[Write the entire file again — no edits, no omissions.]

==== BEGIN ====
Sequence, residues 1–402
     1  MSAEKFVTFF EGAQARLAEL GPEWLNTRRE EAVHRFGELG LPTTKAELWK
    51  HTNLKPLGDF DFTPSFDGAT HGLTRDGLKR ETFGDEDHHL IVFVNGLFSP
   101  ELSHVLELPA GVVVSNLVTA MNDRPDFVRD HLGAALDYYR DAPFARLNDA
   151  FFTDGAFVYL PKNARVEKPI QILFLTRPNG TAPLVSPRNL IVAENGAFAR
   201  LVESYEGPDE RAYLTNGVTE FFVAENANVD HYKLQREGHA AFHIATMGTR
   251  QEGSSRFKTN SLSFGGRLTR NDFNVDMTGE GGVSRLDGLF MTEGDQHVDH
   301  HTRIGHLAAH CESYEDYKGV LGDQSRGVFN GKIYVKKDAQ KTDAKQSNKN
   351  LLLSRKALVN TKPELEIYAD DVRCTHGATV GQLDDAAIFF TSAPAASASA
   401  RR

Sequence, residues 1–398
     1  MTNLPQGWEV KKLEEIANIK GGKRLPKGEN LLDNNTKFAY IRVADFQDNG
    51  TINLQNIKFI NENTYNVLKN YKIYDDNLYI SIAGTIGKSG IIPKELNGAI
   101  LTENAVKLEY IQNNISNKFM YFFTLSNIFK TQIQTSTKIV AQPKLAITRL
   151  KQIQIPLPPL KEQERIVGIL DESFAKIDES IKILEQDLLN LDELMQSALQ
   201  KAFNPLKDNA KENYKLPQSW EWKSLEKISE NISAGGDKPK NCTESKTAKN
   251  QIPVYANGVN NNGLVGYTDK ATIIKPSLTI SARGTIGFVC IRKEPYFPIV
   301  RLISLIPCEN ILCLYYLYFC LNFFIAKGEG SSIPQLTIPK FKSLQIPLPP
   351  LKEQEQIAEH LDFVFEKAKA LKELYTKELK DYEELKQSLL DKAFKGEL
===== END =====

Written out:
Sequence, residues 1–402
     1  MSAEKFVTFF EGAQARLAEL GPEWLNTRRE EAVHRFGELG LPTTKAELWK
    51  HTNLKPLGDF DFTPSFDGAT HGLTRDGLKR ETFGDEDHHL IVFVNGLFSP
   101  ELSHVLELPA GVVVSNLVTA MNDRPDFVRD HLGAALDYYR DAPFARLNDA
   151  FFTDGAFVYL PKNARVEKPI QILFLTRPNG TAPLVSPRNL IVAENGAFAR
   201  LVESYEGPDE RAYLTNGVTE FFVAENANVD HYKLQREGHA AFHIATMGTR
   251  QEGSSRFKTN SLSFGGRLTR NDFNVDMTGE GGVSRLDGLF MTEGDQHVDH
   301  HTRIGHLAAH CESYEDYKGV LGDQSRGVFN GKIYVKKDAQ KTDAKQSNKN
   351  LLLSRKALVN TKPELEIYAD DVRCTHGATV GQLDDAAIFF TSAPAASASA
   401  RR

Sequence, residues 1–398
     1  MTNLPQGWEV KKLEEIANIK GGKRLPKGEN LLDNNTKFAY IRVADFQDNG
    51  TINLQNIKFI NENTYNVLKN YKIYDDNLYI SIAGTIGKSG IIPKELNGAI
   101  LTENAVKLEY IQNNISNKFM YFFTLSNIFK TQIQTSTKIV AQPKLAITRL
   151  KQIQIPLPPL KEQERIVGIL DESFAKIDES IKILEQDLLN LDELMQSALQ
   201  KAFNPLKDNA KENYKLPQSW EWKSLEKISE NISAGGDKPK NCTESKTAKN
   251  QIPVYANGVN NNGLVGYTDK ATIIKPSLTI SARGTIGFVC IRKEPYFPIV
   301  RLISLIPCEN ILCLYYLYFC LNFFIAKGEG SSIPQLTIPK FKSLQIPLPP
   351  LKEQEQIAEH LDFVFEKAKA LKELYTKELK DYEELKQSLL DKAFKGEL